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Iowa State survey shows longevity in farm ownership

By Staff | Jul 1, 2018

Cathy Graves was a subject of our ongoing series on women farmers last fall

By Amy H. Peterson

Staff Writer

Iowa State University economist Wendong Zhang conducted a survey on ownership of Iowa’s 30 million acres of farmland. The survey, presented at the university by Dr. Zhang and Dr. Alejandro Plastina, assistant professors of economics, showed the latest data in the continuum of the survey, which began in 1949.

Plastina said, “It is statistically representative of all owners and all land in Iowa.”

Plastina said the telephone survey results in a collection of widely used data and, “the best available information.”

Jeanine Rasumussen, 88, lives on her family's land in Lincoln Township.

The survey is mandated by Iowa Code to be conducted every five years.

Zhang found much of the land does not change hands very often.

“About 22 percent of the land is owned in the structure of sole ownership. Another 28 percent is owned in joint tenancy – which is often between a spouse, husband and wife – and eight percent are tenants in common or other sorts of co-ownership structure,” Zhang explained. Zhang said the co-ownership is often among siblings. Twenty percent of the farmland is owned by a trust, with many of them what are called revocable trusts, which means the ownership can be changed.

“Typically they last for the lifetime of the owner who set it upand the beneficiary tends to be the kids or grandkids of the current owner. So, it’s mainly used for the tax planning, estate planning or transition planing purposes,” according to Zhang. Zhang said ten percent of the farmland is held in corporations that include families and are also used for tax planning purposes.

Since 1982 the use of trusts has increased significantly, Zhang said.

“Sole owners and joint tenancy are the only two ownership models declining. So over time, there’s a gradual movement away from more individual ownership, especially sole owners, to a more institutionalized ownership in terms of trusts and corporations,” Zhang said.

One economic driver is the fact that most of the land is debt free. Eighty-two percent of owners have paid off the land.

“Farm income has declined by almost half the 2013 peak, but the farmland values have only declined about 15 percent,” Zhang said.

One reason for this is a lot of the owners have no debt, so they are not in a position to sell their land.

The survey found 20 percent of the farmland was owned by the same person for at least 40 years and more than half (55 percent) of the land was owned by the same person for more than 20 years. That level of stability increases land values.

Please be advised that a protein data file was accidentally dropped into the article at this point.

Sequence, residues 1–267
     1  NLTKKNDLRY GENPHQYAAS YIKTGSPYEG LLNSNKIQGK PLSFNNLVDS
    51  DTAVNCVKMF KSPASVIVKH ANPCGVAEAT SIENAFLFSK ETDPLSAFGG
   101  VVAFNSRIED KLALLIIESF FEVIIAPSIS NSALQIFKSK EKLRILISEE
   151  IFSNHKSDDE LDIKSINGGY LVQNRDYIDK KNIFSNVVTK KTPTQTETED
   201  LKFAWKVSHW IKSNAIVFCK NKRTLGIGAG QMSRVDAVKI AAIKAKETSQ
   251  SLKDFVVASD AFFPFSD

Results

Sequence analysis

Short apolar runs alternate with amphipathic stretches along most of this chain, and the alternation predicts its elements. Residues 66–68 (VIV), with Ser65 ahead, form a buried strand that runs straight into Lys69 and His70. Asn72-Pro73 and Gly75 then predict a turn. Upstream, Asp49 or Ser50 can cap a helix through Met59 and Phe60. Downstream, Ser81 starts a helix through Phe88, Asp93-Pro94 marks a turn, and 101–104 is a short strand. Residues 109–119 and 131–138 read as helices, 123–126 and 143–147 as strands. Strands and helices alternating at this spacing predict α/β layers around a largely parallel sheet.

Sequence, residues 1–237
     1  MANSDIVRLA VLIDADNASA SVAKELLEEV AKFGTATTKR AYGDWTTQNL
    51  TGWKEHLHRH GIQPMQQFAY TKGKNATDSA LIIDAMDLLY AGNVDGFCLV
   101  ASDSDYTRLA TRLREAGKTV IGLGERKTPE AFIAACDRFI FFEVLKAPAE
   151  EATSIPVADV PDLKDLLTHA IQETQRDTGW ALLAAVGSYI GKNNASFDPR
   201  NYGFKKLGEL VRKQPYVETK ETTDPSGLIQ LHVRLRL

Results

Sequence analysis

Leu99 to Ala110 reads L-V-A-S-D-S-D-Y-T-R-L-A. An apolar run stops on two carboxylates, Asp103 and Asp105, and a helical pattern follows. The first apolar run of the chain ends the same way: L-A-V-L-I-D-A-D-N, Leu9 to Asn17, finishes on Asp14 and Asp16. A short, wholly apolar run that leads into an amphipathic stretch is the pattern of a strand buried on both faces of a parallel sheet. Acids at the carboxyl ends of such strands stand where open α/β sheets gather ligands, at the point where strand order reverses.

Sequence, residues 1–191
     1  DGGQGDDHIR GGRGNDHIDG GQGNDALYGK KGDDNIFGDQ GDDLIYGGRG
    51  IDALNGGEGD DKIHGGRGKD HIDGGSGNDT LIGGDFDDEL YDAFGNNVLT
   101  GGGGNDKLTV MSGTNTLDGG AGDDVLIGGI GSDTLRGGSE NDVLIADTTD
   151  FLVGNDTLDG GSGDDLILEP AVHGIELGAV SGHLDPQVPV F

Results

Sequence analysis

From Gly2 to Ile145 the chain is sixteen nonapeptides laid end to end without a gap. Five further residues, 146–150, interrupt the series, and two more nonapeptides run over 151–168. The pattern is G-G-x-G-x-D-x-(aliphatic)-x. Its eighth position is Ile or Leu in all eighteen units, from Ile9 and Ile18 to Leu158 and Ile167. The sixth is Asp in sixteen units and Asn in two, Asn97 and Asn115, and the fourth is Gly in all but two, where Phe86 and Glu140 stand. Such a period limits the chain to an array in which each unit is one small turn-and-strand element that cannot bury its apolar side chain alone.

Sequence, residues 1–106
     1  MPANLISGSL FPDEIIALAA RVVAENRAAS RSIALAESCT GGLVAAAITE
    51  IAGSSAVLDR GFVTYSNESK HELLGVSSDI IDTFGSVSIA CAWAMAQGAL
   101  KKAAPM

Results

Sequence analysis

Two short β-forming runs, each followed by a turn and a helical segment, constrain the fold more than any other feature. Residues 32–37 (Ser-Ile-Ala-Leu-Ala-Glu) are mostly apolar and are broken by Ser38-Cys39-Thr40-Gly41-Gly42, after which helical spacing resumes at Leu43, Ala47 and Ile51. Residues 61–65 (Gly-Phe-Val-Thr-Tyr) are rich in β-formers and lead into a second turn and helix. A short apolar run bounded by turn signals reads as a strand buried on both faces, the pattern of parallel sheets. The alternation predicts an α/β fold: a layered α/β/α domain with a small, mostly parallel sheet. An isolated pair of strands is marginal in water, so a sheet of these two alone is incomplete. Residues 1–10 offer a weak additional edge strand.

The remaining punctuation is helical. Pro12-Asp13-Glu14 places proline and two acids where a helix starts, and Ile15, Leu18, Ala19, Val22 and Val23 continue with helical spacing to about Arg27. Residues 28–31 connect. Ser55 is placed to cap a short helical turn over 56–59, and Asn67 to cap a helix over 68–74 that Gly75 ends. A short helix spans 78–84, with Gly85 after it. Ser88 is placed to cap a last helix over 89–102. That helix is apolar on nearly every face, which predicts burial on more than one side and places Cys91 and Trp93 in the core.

“Farmland tends to be a long-term investment, not a whole lot of people are flipping farmland, so you see a very low turnover and the limited turnover tends to support the higher land values,” Zhang said.

For northwest Iowa, the survey found 61 percent of farmland is leased with 17 percent crop share, 82 percent cash rent and 23 percent of that on a flexible cash rent arrangement.

Across the state, 60 percent of land is owned by farmers over the age of 65 with 25 percent by an owner aged 65-74 and 37 percent by an owner 75 or older. Thirteen percent of land is owned by a woman landowner aged 80 or over. Just five percent of Iowa land is owned by farmers below the age of 45 with less than one percent owned by persons age 25 or under.

Zhang said, “The 13 percent of land owned by a woman landowner 80 years old or older means there is a significant share of widowed landowners. The data here is consistent with the share of land we found is rented out, and the share of landowners with no farming experience.”

“The combination of this slice of information has a lot of interesting points about how land it managed, how the ownership is transitioning, and how it is leased out,” Zhang said.

Part of what’s driving this trend, according to Beth Hoffman an Iowa farmer who is also Assistant Professor of Media Studies at the University of San Francisco, is the exorbitant cost of both land and machinery. A John Deere combine can cost as much as $500,000. Even a farmer looking to get in with quality used equipment is faced with an estimated initial investment of at least $600,000 to get started, according to Shawn Williams of Successful Farmer.

For out-of-state landlords, how a potential tenant plans to take care of the land is an essential question for owners in search of renters, according to The New Food Economy.

In the 2012 survey, Extension researchers found 93 percent of landowners said “good land stewardship” was by far the most important tenant quality, above knowing the farmer (52 percent) and renting to a family member (25 percent).

More information about the survey is available on the Iowa State University Extension website.